6. My roof is 20 years old. What does this mean for a solar system?

A healthy roof is essential. An older roof may need to be repaired or replaced. For roof replacements, the cost of the roof used to support the solar panels may apply for the 30% federal tax credit (consult your accountant).

7. What about warranties?

  • Solar panels are manufacture warrantied for 25 years for production. They production after 25 years will be 80% or more of original production. Panels are also manufacture warrantied for 10 years for workmanship and materials.
  • Labor warranties from install companies are generally 10 years. This includes removal and replacement of panels.

8. Are there any hidden or additional costs?

Total cost will depend on many factors including:

  • Roof condition
  • Roof orientation
  • Energy usage
  • System size, etc.

An essential part of the solar energy system is the power optimizer. It is a $2,000 part that has a life expectancy of 12 years. It is to be an expected cost after 12 years. It may become cheaper as the technology matures.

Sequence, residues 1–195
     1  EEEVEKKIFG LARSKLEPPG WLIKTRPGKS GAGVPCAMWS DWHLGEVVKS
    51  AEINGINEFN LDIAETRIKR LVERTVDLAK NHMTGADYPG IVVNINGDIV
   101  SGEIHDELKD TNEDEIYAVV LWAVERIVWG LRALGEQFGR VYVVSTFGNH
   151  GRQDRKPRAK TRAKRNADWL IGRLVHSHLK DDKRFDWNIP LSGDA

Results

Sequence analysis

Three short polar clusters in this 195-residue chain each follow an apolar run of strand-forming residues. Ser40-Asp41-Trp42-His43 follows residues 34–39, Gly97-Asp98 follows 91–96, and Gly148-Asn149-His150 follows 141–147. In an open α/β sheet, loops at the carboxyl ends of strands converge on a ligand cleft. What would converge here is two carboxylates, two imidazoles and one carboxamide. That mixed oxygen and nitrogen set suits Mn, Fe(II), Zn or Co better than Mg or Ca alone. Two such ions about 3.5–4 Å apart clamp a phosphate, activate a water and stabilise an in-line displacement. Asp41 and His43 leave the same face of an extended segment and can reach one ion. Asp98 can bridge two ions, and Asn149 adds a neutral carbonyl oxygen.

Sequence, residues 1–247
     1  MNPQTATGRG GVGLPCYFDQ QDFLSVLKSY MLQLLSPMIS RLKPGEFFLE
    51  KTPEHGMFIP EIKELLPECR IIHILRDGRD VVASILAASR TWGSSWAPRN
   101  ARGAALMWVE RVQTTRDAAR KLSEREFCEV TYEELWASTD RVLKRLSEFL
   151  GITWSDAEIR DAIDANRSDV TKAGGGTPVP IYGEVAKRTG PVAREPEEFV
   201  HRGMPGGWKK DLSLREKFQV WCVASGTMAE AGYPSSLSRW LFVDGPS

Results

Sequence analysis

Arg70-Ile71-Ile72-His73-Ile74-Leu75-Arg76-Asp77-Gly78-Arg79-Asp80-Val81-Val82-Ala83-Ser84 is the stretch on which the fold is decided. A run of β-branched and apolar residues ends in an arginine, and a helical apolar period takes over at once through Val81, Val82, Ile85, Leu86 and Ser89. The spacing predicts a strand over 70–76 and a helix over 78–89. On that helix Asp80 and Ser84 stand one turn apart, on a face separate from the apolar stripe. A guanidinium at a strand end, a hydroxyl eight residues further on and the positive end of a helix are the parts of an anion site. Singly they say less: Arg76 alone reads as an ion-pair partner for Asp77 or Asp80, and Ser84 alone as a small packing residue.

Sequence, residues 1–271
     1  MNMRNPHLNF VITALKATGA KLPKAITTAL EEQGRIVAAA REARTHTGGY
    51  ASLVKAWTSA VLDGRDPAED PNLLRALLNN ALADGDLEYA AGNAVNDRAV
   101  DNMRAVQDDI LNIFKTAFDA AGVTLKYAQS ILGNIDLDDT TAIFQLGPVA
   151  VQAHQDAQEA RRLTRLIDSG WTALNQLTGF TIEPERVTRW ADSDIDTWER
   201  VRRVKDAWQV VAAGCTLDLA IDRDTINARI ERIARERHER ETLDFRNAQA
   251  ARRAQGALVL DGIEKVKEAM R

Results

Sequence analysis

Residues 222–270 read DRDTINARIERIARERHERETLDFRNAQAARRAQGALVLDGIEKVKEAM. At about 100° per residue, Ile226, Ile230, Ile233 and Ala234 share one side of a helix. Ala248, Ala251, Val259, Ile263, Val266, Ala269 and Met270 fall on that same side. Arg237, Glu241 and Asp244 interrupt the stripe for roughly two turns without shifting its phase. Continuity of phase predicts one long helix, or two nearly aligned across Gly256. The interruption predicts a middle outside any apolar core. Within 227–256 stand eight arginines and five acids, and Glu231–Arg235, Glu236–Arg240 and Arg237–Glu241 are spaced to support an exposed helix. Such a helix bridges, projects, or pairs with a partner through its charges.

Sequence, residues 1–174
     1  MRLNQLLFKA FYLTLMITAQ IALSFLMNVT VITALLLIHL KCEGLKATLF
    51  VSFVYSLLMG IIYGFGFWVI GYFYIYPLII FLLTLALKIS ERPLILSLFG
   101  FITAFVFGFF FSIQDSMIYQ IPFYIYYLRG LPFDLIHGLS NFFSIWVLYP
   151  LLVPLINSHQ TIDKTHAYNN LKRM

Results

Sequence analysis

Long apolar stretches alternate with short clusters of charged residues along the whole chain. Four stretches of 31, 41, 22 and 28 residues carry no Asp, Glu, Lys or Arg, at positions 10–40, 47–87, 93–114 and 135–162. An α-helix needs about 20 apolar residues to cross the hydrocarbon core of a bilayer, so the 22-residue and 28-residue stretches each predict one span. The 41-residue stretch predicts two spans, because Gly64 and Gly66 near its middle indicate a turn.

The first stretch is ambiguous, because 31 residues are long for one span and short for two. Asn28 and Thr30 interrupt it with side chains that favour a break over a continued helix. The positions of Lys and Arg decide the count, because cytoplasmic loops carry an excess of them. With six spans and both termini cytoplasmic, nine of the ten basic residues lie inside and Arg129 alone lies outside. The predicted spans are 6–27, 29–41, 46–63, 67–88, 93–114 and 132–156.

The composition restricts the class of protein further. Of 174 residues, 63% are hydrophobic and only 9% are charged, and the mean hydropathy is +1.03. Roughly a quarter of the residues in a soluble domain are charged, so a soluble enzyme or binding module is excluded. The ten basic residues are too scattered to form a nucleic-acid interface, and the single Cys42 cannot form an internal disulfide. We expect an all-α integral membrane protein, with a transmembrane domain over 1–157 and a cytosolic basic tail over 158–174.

9. Do you have any additional savings suggestions?

The author was told that instead of paying off the system with the federal and state tax credit, owners should apply the savings to their mortgage, so an owner will end up paying 1.25% interest rather than the interest rate of the mortgage.

10. I’m going for it! What are my next steps and how long will it take?

See below for our recommended company. This company is approximately $2,000 less than the closest competitor.

Installation timeline is about 2 months due to engineering design, financing, permitting, etc.

For more information on installing your solar system:

Please mention the Milton Scene when calling or emailing.

Jim Merrill
25 year manufacture performance guarantee on the panels
12 year manufacture warranty on inverter
10 year labor warranty